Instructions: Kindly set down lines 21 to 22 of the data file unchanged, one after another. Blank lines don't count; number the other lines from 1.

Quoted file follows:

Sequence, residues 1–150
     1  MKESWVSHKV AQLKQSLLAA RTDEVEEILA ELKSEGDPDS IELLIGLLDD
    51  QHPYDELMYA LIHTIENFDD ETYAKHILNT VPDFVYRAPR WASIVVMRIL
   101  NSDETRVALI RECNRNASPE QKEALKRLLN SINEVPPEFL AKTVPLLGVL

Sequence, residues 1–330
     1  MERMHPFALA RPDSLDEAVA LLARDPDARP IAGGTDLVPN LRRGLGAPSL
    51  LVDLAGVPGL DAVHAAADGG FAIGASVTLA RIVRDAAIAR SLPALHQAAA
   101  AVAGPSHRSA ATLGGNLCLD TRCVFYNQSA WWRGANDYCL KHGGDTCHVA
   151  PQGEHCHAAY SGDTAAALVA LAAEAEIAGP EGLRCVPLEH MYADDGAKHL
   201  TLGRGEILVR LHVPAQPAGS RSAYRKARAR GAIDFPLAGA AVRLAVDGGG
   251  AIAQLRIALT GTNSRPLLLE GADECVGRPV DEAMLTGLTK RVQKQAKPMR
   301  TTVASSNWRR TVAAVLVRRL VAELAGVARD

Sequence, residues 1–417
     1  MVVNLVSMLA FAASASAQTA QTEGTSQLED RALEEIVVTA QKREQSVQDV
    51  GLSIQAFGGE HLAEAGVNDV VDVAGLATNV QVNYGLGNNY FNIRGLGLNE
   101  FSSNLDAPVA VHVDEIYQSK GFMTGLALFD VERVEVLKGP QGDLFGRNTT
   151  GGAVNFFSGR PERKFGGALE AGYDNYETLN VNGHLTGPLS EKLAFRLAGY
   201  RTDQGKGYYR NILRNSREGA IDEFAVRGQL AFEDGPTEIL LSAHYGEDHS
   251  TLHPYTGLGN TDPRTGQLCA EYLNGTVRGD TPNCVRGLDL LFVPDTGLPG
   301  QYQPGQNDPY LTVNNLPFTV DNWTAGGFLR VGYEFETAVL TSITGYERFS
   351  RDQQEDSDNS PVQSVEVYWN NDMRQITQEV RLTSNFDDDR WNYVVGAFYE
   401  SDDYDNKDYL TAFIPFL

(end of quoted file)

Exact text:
   351  RDQQEDSDNS PVQSVEVYWN NDMRQITQEV RLTSNFDDDR WNYVVGAFYE
   401  SDDYDNKDYL TAFIPFL